Funding and services for kids with other invisible challenges, like learning disabilities and ADHD, are similarly all over the map. “With ADHD, the only type of care that’s generally covered by the provinces is seeing a physician to get an assessment, diagnosis and prescription,” notes Heidi Bernhardt, president and executive director for the Centre of ADHD Awareness Canada. Waiting lists for specialists such as developmental paediatricians and psychiatrists can run from six to 12 months or more, she adds. “Any type of therapy beyond medication is out of pocket.” Waiting lists for psycho-educational assessment (which gauges how ADHD and learning disabilities affect the individual child’s learning, and outlines a customized plan for intervention and support with the child’s school) with a school psychologist run anywhere from one to three years, Bernhardt says. Parents who can afford it pay for one privately, she says, at a cost of around $3,000. “We’re still having significant battles with school boards [in many jurisdictions] to recognize these kids as what they deem exceptional students, which would qualify them for educational accommodations,” such as note-taking assistance and extended test times, as well as other modifications, Bernhardt says. It’s very much a two-tiered system: Families that are educated and know how to advocate and seek out resources are the ones that get them.

Collateral costs

The cost of the actual services aside, it takes time to find, push for and coordinate them—an investment that exerts its own financial toll. Often, parents must cut back on work or even quit a job to keep up with the extra demands. “Although I did try to go back to work when Zachary was 11 months old, it quickly became apparent that it just wasn’t possible to take him to all of his medical and therapy appointments and hold down a full-time job,” says Rayment.

Ottawa dad Andrew Robinson, whose son has autism and other challenges, tells a similar story. “My wife resigned from a tenure-track professor’s position to become our son’s chief advocate and therapy organizer,” he says. For Sheryl Gray in Delta, BC, whose four-year-old son has Down syndrome, it was the other way around. She says he sometimes missed out on funded services because, as a former contract worker, she simply couldn’t afford to take time off to use them. “It’s very challenging when programs come up that your child might be eligible for, but if you miss work to take advantage of them, you don’t get paid,” she says. “My son is only just getting his first block of speech therapy now, because I’m finally in a position that has flextime.” Gray’s family will also be paying for a private school, partly because funding issues meant her public school couldn’t guarantee the constant one-on-one supervision she says is necessary to keep her son safe, since he’s prone to running. They also chose private school because he’ll get a better learning experience from the individual engagement.

While New Westminster, BC, mom Anne Bélanger says she is grateful that most of her son’s medical and therapy costs are covered, “other things, like saving for my own retirement, have taken a backseat,” she explains. “I think I’ll be working until I’m 80.” Instead, she’s saving for her son’s future (using a registered disability savings plan), because his physical limitations—he suffers from spinal muscular atrophy type 2—make it unlikely that he’ll be able to live independently as an adult. Since BC’s government disability allowance is $950 per month (with only $350 allocated toward rent) and the average cost for a one-bedroom apartment in Vancouver is more than $1,000, “I feel like I should plan for that,” she says.

Sandy Hodgetts, an assistant professor of occupational therapy at the University of Alberta in Edmonton, notes that parents who quit work or move to access services are also giving up important sources of social support, which can, in turn, affect kids. “We know that how well children do is linked to their parents’ well-being and vice versa, and well-being is linked to social support,” she says.

While Robinson’s family actually gained some support when they moved close to his in-laws in Ottawa—because of a lack of educational support and a shortage of trained therapists in Saskatoon—it came at a high cost. He gave up a full-time teaching position at the University of Saskatchewan for temporary, short-term teaching contracts, which meant “a significant drop in income—around 50 percent,” he says, not to mention the sacrifice of job stability and promise of career advancement. After spending time on waiting lists, the Robinson family now gets some financial help for their son’s therapy.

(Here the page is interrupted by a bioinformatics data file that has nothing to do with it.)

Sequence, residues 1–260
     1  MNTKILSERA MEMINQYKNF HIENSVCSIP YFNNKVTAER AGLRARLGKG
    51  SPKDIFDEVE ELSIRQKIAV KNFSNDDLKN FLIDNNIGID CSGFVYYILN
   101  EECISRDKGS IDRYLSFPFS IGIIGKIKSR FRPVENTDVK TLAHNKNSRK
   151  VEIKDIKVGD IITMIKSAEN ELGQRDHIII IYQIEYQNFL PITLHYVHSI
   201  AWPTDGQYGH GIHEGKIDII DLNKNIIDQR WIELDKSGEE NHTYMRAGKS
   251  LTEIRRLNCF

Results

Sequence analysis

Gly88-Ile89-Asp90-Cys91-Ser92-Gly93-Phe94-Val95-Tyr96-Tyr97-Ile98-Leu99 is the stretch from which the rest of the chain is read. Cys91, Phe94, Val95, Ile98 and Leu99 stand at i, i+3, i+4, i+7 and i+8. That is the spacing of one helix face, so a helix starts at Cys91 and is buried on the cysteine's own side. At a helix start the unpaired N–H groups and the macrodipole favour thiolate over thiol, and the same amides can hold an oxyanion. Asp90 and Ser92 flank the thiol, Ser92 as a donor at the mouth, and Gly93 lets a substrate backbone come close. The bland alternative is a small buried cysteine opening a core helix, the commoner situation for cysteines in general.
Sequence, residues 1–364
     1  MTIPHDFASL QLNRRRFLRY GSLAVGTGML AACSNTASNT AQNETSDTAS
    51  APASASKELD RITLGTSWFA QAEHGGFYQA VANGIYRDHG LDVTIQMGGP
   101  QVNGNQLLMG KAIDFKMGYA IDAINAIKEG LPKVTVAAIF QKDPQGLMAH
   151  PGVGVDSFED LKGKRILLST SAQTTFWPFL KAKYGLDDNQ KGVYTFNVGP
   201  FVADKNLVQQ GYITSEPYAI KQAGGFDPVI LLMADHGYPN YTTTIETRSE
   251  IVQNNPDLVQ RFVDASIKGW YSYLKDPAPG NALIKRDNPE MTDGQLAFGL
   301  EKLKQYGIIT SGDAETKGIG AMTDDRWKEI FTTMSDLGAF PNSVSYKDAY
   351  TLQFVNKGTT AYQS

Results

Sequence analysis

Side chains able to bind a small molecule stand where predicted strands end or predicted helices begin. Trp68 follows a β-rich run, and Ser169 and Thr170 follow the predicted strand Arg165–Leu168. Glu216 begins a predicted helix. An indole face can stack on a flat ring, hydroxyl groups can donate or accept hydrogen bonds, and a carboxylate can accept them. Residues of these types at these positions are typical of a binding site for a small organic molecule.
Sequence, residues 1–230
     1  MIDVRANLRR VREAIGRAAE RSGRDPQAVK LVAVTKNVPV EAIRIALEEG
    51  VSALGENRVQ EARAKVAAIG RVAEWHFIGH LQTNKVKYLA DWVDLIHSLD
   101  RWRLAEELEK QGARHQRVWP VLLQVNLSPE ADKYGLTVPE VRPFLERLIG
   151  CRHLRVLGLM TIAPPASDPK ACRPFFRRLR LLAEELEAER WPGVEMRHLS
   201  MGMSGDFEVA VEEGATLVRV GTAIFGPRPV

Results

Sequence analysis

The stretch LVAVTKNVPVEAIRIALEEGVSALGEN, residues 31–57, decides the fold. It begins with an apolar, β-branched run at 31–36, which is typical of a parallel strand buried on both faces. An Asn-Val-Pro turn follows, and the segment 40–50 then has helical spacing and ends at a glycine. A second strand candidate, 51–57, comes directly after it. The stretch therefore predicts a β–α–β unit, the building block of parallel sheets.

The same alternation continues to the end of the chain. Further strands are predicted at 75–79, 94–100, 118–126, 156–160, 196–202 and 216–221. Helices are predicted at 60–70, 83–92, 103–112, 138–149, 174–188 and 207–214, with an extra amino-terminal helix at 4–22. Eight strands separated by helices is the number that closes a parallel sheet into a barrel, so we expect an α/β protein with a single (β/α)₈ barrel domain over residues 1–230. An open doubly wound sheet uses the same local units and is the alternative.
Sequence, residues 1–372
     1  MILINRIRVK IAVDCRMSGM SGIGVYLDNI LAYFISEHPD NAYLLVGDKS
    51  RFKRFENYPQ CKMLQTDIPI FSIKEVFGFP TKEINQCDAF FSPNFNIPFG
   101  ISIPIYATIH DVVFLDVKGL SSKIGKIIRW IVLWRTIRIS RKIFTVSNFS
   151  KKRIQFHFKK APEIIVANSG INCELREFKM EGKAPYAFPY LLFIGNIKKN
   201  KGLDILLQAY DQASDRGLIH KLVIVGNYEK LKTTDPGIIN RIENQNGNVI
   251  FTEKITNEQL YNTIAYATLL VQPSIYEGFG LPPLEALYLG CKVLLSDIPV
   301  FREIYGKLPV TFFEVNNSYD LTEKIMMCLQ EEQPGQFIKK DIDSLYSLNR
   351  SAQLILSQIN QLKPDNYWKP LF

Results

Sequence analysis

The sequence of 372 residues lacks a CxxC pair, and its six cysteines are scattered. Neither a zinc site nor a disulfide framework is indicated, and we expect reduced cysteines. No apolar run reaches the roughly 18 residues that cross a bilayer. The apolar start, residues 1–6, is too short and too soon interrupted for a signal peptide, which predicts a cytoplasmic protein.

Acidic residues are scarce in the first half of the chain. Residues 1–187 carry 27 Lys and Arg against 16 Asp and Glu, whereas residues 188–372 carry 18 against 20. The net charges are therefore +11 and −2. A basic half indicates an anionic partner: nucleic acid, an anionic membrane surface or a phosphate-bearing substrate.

But there are bright spots, however. For starters, researchers are working to get a better handle on the costs involved, which will hopefully give parents and care providers a tool to lobby governments for better funding and more equitable access to services—without good data, it’s tough to convince governments to change, Georgiades says. In the next phase of his ASD study, a health economist will help measure the expenses associated with the condition. “The Public Health Agency of Canada [PHAC] will soon be launching a national ASD surveillance system that will actually not only estimate the prevalence and incidence of ASD in Canada but also document the services received and the associated costs between provinces,” he adds. “PHAC plans to use this model for other childhood disorders in the future.” And in the most recent federal budget, $2 million was set aside for a consistent cross-country strategy for meeting the needs of kids with ASD. “This will help us develop a national program and system for all kids and families dealing with autism, no matter where they live,” Georgiades says. “It’s very encouraging.” It’s also due, in large part, to the efforts of parents themselves, he adds, through advocacy groups like the Canadian Autism Spectrum Disorders Alliance. “We have to give parents a lot of credit—they’ve been amazing in terms of advocating for their children’s rights.”

Among families with kids with disabilities

62% Report out-of-pocket expenditures related to their child’s condition requiring services such as physiotherapy and speech therapy not covered by provincial health plans spent more than $5,000 a year on this expense alone.

5% Requiring services such as physiotherapy and speech therapy not covered by provincial health plans spent more than $5,000 a year on this expense alone.

38.4% of parents started working fewer hours.

$15k Average hit to annual income experienced by parents of kids with disabilities.

46% of parents either turned down a promotion or passed up a job for reasons related to their child’s condition.

* 2006 Statistics Canada Participation Activity Limitation Survey (PALS).

A version of this article appeared in our September 2015 issue with the headline, “Falling through the cracks,” p. 46.

Read more:
We desperately need a Canadians with Disabilities Act>
My daughter has Down syndrome and I wouldn’t change a thing>
Our autism story: The tough decision we made>